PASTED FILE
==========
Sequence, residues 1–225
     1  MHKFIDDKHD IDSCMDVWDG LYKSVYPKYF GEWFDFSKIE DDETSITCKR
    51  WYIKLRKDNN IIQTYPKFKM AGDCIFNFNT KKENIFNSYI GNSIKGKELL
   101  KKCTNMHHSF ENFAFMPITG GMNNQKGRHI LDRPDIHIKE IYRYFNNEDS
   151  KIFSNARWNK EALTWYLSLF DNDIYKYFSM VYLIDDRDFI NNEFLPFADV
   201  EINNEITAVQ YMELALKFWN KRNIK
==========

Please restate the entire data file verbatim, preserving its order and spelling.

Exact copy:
Sequence, residues 1–225
     1  MHKFIDDKHD IDSCMDVWDG LYKSVYPKYF GEWFDFSKIE DDETSITCKR
    51  WYIKLRKDNN IIQTYPKFKM AGDCIFNFNT KKENIFNSYI GNSIKGKELL
   101  KKCTNMHHSF ENFAFMPITG GMNNQKGRHI LDRPDIHIKE IYRYFNNEDS
   151  KIFSNARWNK EALTWYLSLF DNDIYKYFSM VYLIDDRDFI NNEFLPFADV
   201  EINNEITAVQ YMELALKFWN KRNIK